Unbelievably, Australia’s largest listed developer, Stockland, has warned of imminent housing shortages despite negative net overseas migration, the lowest population growth in generations, and record rates of homebuilding:
The head of Australia’s largest residential property developer, in the final month of his eight and a half year tenure, has warned that policymakers will have to deal with shortages in Sydney and southeast Queensland that will become more pronounced once borders reopen…
“Our view is that Sydney and southeast Queensland in particular have faced significant under-supply,” [Stockland chief executive Mark Steinert] said. “A number of the key markets we operate in those two locations are undersupplied today, even with the drop in population growth, with reduced skilled migration.”
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As usual, Steinert’s solution is to lower developer taxes and reduce red tape:
Mr Steinert said that infrastructure contributions and other taxes made up more than a third of housing costs and shortening approval time frames to boost certainty was a key way to improve affordability.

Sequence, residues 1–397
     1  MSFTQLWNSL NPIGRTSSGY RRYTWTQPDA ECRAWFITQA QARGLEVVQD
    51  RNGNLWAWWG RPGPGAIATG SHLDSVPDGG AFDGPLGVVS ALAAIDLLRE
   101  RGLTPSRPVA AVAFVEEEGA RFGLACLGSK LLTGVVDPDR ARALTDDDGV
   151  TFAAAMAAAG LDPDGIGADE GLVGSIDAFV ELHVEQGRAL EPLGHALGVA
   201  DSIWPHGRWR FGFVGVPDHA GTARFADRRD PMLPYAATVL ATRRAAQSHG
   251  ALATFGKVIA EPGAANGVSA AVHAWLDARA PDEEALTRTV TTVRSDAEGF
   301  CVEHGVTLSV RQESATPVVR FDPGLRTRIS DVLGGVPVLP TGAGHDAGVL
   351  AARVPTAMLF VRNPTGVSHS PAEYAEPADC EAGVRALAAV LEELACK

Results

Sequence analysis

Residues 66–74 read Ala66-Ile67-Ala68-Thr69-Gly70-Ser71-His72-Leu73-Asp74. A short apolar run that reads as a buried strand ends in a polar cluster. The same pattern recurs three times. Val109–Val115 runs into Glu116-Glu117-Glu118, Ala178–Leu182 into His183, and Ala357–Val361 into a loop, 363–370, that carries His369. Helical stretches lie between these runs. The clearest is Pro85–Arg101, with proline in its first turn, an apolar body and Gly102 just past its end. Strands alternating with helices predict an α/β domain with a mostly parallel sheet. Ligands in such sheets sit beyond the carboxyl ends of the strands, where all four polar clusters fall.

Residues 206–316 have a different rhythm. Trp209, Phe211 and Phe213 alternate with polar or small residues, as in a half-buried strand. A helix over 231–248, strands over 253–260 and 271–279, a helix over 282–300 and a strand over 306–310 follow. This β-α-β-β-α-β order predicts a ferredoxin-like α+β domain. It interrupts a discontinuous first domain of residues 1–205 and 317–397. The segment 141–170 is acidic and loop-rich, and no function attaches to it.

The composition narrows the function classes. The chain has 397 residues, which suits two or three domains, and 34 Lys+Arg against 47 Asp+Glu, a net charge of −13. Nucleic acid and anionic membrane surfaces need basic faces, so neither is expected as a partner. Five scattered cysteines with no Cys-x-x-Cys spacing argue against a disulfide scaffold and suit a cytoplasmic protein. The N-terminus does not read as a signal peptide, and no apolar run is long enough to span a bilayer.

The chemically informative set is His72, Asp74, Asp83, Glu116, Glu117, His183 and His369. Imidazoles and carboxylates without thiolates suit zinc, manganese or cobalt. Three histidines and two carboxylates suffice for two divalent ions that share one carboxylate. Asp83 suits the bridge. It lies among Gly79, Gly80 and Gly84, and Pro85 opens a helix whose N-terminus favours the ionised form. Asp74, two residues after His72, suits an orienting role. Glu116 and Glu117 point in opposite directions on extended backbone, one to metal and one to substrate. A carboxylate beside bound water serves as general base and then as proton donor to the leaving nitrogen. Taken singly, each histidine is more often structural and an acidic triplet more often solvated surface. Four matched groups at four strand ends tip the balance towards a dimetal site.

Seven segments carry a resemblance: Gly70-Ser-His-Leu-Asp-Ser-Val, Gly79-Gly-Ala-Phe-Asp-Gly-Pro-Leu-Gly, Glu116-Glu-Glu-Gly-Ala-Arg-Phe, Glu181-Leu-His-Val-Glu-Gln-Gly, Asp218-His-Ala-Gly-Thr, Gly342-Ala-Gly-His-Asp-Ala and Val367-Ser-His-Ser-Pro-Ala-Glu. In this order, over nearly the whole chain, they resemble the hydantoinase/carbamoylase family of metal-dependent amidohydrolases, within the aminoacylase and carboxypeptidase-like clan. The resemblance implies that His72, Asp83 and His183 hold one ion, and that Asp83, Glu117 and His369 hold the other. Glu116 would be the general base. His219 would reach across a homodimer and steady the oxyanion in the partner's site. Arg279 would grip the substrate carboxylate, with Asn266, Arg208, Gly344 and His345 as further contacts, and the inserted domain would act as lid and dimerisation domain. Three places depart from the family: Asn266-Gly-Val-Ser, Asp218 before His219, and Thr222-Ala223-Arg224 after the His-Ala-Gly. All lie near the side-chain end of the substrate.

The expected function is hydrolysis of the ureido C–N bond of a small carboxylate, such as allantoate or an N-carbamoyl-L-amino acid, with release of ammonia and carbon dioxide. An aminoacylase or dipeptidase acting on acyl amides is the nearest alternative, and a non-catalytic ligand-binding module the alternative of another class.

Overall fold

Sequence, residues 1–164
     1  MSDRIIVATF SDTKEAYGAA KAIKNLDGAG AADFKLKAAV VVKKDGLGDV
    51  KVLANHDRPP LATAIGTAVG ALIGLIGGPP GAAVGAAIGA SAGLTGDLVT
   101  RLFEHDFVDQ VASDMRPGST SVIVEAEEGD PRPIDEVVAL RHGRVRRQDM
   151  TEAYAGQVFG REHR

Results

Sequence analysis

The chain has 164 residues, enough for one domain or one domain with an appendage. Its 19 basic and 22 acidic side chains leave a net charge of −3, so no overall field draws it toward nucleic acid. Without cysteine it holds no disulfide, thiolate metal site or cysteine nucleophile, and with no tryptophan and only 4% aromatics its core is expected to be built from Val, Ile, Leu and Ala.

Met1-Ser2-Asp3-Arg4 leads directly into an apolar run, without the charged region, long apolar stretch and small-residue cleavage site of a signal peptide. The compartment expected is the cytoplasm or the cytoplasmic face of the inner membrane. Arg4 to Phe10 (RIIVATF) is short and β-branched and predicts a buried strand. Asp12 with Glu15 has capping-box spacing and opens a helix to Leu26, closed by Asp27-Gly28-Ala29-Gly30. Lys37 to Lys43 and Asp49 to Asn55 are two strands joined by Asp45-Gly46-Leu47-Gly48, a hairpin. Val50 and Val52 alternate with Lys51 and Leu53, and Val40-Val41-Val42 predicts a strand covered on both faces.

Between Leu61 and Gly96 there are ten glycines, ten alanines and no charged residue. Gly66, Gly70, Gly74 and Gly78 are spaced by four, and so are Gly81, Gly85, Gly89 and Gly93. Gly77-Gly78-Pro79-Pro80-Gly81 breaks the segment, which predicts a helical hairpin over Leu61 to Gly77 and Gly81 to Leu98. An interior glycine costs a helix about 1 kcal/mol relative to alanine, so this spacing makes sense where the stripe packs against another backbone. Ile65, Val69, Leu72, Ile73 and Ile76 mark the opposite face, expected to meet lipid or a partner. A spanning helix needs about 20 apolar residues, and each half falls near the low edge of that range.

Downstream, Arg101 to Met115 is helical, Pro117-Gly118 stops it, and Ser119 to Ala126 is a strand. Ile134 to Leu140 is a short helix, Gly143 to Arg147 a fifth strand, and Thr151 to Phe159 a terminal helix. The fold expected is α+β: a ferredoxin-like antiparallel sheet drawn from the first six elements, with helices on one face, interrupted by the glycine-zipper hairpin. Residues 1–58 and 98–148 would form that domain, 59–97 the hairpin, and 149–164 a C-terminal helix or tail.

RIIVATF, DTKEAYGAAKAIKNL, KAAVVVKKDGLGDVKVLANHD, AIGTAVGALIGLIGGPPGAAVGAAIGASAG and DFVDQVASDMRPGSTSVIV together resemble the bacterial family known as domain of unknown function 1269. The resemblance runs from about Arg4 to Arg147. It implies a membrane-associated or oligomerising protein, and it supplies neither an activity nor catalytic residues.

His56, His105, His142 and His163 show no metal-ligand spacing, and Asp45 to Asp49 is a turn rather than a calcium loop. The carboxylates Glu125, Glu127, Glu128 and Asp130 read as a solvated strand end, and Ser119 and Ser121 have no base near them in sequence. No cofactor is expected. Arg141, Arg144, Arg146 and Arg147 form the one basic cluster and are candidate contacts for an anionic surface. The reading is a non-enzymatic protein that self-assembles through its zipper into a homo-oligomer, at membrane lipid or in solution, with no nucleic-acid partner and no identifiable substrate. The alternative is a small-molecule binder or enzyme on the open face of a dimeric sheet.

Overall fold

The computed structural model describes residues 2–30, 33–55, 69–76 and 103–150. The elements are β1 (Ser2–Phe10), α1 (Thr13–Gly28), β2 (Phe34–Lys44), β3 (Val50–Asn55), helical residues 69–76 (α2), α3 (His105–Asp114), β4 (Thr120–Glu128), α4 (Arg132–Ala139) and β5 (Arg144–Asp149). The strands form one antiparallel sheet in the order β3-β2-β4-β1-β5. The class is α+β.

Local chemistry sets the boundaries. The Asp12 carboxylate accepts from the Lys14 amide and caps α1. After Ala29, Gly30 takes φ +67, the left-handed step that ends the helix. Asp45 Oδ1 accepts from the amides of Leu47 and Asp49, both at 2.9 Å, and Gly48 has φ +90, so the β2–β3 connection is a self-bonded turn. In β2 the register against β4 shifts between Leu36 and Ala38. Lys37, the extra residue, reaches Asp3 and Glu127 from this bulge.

This would mean the returns required by developers could come down commensurately with reduced risks and flow through to the cost of housing, he said.
Late last year, the National Housing Finance & Investment Corporation (NHFIC) forecast massive housing oversupply in 2021 and 2022 on the back of the collapse in immigration:
This projected demand-supply imbalance was present across all forms of housing:
Interestingly, the projected oversupply across Sydney was massive, contradicting Steinart’s claims about shortages:
Whereas the projected oversupply is admittedly far smaller in Brisbane:
Since these NHFIC forecasts were released, Australia’s dwelling construction has boomed far more than was anticipated, with detached house approvals at all-time highs. Therefore, the projected housing oversupply is likely much greater now.
Regardless, Stockland is sitting on a mountain of zoned residential land, totaling a decade-plus of supply:
Therefore, it is hard to take Steinart’s shortage claims seriously in light of the above evidence. He is talking Stockland’s book.
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